[EDITORIALS]Reverting to a bad practiceThe incoming government of President-elect Roh Moo-hyun plans to revive a special investigation unit supervised directly by the Blue House. The move comes two years after President Kim Dae-jung disbanded the controversial sajikdong team, a special police unit, after he was awarded the Nobel Peace Prize.
Mr. Roh's aides say that the planned restoration of the police unit is based on the new administration's will to eradicate irregularities and corruption involving presidents' family members and relatives as well as ranking government officials. Unlike in the past, they say, the new investigation unit will not operate in secret. They say the team will consist of prosecutors, police detectives and tax investigators, who will work openly.
While they may have good intentions, the re-establishment of the unit will generate side effects of various types. The existence of a Blue House investigation team will turn into a symbol of an imperial presidency and unchecked power, as it did in the past.
When the team was dissolved in 2000, the then senior presidential secretary for civil affairs, who headed the unit, said, "It is like abandoning the baton of directing power." The likening of the investigation team to a baton indicates that the unit could be a source of presidential power above the law. Although the sajikdong team might have helped maintain discipline among government bureaucrats, it had always been accused of abusing its powers by targeting opposition politicians, digging for the weak spots of the president's political enemies and concealing or manipulating cases under investigation. President-elect Roh's aides vowed to run an inspection team that is totally different from the sajikdong unit.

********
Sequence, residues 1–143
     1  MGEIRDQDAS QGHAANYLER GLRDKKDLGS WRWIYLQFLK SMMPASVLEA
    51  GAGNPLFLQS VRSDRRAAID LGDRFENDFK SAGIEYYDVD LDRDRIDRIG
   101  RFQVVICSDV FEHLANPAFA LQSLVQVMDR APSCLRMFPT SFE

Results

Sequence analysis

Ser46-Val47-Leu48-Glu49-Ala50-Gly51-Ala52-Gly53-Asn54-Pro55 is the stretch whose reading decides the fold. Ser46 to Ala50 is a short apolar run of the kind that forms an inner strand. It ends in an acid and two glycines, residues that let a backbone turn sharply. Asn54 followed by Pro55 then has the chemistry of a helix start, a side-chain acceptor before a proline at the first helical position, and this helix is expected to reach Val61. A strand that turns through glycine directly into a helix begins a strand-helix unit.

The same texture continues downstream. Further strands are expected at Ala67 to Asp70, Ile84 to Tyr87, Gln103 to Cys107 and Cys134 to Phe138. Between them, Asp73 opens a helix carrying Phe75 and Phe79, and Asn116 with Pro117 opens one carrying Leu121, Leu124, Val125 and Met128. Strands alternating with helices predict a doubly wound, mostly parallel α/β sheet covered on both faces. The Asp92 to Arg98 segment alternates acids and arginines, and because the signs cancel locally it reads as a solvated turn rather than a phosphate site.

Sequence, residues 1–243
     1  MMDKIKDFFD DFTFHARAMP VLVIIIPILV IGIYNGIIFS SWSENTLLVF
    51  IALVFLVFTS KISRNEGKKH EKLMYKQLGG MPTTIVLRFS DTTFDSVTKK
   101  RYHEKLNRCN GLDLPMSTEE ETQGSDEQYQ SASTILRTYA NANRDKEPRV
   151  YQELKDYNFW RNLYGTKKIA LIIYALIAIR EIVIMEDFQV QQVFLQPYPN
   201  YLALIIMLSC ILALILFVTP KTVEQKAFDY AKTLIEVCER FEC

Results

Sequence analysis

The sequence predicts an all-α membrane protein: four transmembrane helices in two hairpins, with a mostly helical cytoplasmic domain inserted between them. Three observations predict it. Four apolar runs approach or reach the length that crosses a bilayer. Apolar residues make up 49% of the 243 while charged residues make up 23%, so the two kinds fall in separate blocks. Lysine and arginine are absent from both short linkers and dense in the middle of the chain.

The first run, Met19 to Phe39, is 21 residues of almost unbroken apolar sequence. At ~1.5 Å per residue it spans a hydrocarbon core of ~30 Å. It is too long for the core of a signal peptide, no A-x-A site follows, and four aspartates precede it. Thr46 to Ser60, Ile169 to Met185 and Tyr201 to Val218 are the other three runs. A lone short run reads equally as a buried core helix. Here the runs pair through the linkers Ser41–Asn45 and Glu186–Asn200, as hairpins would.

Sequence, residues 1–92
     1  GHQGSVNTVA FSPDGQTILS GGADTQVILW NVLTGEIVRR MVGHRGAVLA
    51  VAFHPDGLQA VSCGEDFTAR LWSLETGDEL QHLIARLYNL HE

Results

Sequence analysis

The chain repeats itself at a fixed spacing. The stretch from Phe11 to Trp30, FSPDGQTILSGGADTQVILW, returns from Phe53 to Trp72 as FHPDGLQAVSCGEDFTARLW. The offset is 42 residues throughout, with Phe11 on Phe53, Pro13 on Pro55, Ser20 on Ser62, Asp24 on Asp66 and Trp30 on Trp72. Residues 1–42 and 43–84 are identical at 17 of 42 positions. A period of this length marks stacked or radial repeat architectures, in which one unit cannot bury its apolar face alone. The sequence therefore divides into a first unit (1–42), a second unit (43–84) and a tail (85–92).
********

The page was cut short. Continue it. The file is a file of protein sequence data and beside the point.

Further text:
Although his aides say that the team's role will be limited to internal investigations and intelligence-collecting, it is not clear at which point the internal probes would end. It is likely that the Blue House team will reign over other investigatory agencies.
As for preventing irregularities by family members of the president, influence-peddling by President Kim's sons should not be blamed on the disbandment of the team but on state prosecutors' failure to stop it. The key to preventing irregularities by the president's family and influential government figures is the president's will to do so. Mr. Roh should let public prosecutors do the job that they have been appointed to do.